Hardware investigate

Getting hands on with Office 2013

Can Microsoft create an interface for Office that successfully melds together to support mouse, touch, and stylus?

Windows 8 is not the only Microsoft product that is moving from a mouse-centric view of the world to one that embraces touch- and pen-driven actions as well — Microsoft's other cashcow, Office, has also received an interface touch-up.

We were given the opportunity to put Office 2013 through its paces during Microsoft's TechEd conference last week.

The hardware used was a Samsung Series 7 tablet that had Windows 8 Pro installed and packed an Intel Core i5 processor with 4GB of RAM.

But the most interesting aspect was the choice of input devices: a bluetooth keyboard and stylus were supplied.

This meant that any scrolling action needed to occur via the use of fingers, as it is not possible to move any viewpoint with the stylus. I would prefer that there was a way to scroll with a stylus by hitting one of the buttons, or adding a new one on the side, that enabled a scroll mode. Something like IE's scroll mode when the middle mouse button is depressed would be nice.

After a couple of hours with the device, and being questioned as to why I would want such a mode (presumably this has never occurred to the design teams at Microsoft or Samsung), I still believe that this is a major oversight at the worst, and a sheer annoyance at the very least.

Having to switch from pen-driven input to finger-driven input may only take a second of your time, but each second of movement adds up very quickly.

Maybe I do not grok finger- and pen-driven navigation yet, but it strikes me as strange that I can have the full range of input operations with a mouse or sole use of finger, but not sole use of a stylus.

Enough ranting; let's move on to the program at hand: Office 2013.

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Chris Duckett attended TechEd as a guest of Microsoft.

About

Some would say that it is a long way from software engineering to journalism, others would correctly argue that it is a mere 10 metres according to the floor plan.During his first five years with CBS Interactive, Chris started his journalistic advent...

8 comments
dogknees
dogknees

Regardless of the alternative, as far as I can discover none will run rich Excel workbooks with lots of VBA behind them without a complete re-write in a different language. Where I work, we have many templates with a lot of VBA code. Re-writing, testing, training,... would be a massive task. This is one reason MS will get their way with a lot of businesses. It's just too hard to move at this point in the game. While there are/will be apps that serve some of our needs, there are quite a few more complex workbooks that are just too specific to our business, state and countries laws. We built them because we couldn't find commercial alternatives.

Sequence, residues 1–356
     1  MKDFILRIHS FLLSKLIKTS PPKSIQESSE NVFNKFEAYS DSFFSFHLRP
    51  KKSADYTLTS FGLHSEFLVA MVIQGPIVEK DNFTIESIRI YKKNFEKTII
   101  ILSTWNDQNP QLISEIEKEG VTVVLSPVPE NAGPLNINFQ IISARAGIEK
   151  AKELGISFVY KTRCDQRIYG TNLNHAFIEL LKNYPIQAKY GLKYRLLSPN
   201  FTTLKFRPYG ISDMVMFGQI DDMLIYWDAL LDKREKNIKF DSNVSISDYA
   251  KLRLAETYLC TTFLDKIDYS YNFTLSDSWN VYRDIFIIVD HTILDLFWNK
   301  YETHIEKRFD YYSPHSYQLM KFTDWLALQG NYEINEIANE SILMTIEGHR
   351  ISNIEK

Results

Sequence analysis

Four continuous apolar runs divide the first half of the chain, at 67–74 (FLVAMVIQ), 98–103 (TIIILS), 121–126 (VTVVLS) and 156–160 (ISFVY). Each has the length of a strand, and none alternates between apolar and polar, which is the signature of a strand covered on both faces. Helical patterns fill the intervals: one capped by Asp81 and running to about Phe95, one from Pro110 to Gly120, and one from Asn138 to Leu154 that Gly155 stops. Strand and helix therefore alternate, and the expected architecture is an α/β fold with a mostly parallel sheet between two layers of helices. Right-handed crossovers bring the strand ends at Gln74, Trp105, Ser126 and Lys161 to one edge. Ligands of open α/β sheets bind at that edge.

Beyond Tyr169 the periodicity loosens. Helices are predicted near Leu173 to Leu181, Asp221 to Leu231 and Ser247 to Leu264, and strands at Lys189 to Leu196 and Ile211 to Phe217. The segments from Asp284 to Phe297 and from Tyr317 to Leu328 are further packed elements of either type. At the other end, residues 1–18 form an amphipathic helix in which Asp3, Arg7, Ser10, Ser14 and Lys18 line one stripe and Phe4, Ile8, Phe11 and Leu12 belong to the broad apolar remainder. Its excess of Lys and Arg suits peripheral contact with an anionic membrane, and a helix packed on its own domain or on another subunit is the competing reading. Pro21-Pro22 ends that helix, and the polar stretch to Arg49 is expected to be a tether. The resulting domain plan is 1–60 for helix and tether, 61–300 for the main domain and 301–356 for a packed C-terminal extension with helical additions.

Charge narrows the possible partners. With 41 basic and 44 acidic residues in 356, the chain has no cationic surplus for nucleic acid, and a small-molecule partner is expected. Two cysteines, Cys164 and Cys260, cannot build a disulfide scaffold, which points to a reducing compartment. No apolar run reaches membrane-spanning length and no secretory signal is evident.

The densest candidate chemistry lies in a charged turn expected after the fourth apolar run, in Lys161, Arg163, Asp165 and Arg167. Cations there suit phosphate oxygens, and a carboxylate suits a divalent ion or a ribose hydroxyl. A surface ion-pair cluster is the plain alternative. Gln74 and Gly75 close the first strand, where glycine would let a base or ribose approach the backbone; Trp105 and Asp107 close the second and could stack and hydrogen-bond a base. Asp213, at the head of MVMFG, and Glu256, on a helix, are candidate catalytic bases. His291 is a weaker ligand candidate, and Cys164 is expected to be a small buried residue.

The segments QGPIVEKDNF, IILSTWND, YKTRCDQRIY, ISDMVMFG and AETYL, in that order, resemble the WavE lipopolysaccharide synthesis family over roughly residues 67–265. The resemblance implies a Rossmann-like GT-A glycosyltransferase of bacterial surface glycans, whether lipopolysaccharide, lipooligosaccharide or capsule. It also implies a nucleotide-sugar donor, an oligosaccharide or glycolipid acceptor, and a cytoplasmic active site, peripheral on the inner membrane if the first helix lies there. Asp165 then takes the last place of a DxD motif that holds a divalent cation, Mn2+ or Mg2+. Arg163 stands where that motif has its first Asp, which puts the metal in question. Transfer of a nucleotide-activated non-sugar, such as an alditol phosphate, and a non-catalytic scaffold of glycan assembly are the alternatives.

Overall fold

mdbizzarri
mdbizzarri

While I understand that things change, I should be allowed to keep things the same. Microsoft use to have backward compatability. I am not a fan of Windows 7 and Office 2010 with tabs, and now that Windows 8 is going to be that much different, to heck with them all. I will buy my next box based off of Linux, though not sure which flavor. Linux Mint is very Windows like, so that will make my wife happy. Since Microsoft seems to decide for me how I should operate a computer, I will choose to spend my money elsewhere. In today's day and age, I am not for techni-communism like Apple or Microsoft. Being dictated to is NOT ok. Luckily, there are choices aplenty. In honor of talk Like a Pirate Day, "Hang them from the highest yard arm!!!!"

Deadly Ernest
Deadly Ernest

Libre Office as it works perfectly on Windows 7 and Windows XP and looks a lot like MSO 2003

Deadly Ernest
Deadly Ernest

Libre Office instead of Microsoft Office. The 2007 Ribbons were bad, but this one with the all caps does make the MSO 2007 Ribbons look good; but I still prefer the simple menus of MSO 2003 and Libre Office - since MSO 2003 has issues working with any thing except Windows XP I now stay with Libre Office as it works perfectly on Win XP, Win 7, and Linux.

Ron_007
Ron_007

On your screen cap the "new and improved" app has only 3 views compared to 5 in Office 2010. Great 'improvement'.

Ron_007
Ron_007

Apparently you don’t have much experience with Word! What “new” Reader view. The only thing new about it is the name! Before 2003 there was “Print Preview”, 2003 had the “Reading Layout”, 2007 and 2010 had “Full Screen Reading” views. I think the excuse for shouting at us, all caps, is the teeny-tiny 7 inch screens made lower case too hard to read. Ignoring the reality of my 24 inch LCD Monitor. Thank you very much "design" team.

dogknees
dogknees

I agree. I just want to hear "them" spell it out.

dogknees
dogknees

Did they happen to mention the rational for the ugly ALL CAPS headings on the ribbon?